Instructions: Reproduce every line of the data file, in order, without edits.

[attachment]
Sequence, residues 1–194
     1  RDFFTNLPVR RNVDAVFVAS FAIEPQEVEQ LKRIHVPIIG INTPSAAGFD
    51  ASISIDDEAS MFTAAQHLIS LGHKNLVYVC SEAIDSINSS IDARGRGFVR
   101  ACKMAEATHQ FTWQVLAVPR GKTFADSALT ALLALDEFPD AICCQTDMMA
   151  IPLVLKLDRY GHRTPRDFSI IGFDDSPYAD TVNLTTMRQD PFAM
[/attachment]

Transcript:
Sequence, residues 1–194
     1  RDFFTNLPVR RNVDAVFVAS FAIEPQEVEQ LKRIHVPIIG INTPSAAGFD
    51  ASISIDDEAS MFTAAQHLIS LGHKNLVYVC SEAIDSINSS IDARGRGFVR
   101  ACKMAEATHQ FTWQVLAVPR GKTFADSALT ALLALDEFPD AICCQTDMMA
   151  IPLVLKLDRY GHRTPRDFSI IGFDDSPYAD TVNLTTMRQD PFAM